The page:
In one aspect, a method of authorizing charging an EV\'s batteries using an EVCS is described. This embodiment of a method comprises storing, in a database, biometric identity information for one or more individuals; receiving, from a biometric information input device associated with an electric vehicle charging station (EVCS), input biometric identity information for a user; searching the database, using a processor, for biometric identity information for the one or more individuals that substantially match the input biometric identity information for the user; and authorizing the user to charge an electric vehicle\'s (EV\'s) batteries using the EVCS if the input biometric identity information for the user substantially matches biometric identity information for at least one of the one or more individuals in the database.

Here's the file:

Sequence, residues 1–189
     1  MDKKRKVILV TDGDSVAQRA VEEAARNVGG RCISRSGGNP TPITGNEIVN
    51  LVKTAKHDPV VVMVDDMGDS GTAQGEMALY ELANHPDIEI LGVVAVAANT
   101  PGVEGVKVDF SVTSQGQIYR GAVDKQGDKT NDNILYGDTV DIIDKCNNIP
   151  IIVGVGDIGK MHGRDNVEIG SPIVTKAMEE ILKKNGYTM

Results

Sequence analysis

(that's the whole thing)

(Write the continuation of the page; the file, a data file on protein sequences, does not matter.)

In another aspect, a system for charging an electric vehicle\'s batteries is described. This embodiment of a system comprises a biometric information input device, wherein the biometric information input device is associated with an electric vehicle charging station (EVCS); at least one memory device, wherein the memory device comprises a database residing thereon; a source of electrical energy, wherein the source of electrical energy can be connected to an electric vehicle (EV) for charging batteries of the EV; and a processor operably connected with the biometric information input device and the memory device, wherein the processor is configured to: store, in the database on the memory device, biometric identity information for one or more individuals; receive, from the biometric information input device, input biometric identity information for a user; search the database for biometric identity information for the one or more individuals that substantially match the input biometric identity information for the user; and authorize the user to charge the EV\'s batteries using the source of electrical energy if the input biometric identity information for the user substantially matches biometric identity information for at least one of the one or more individuals in the database.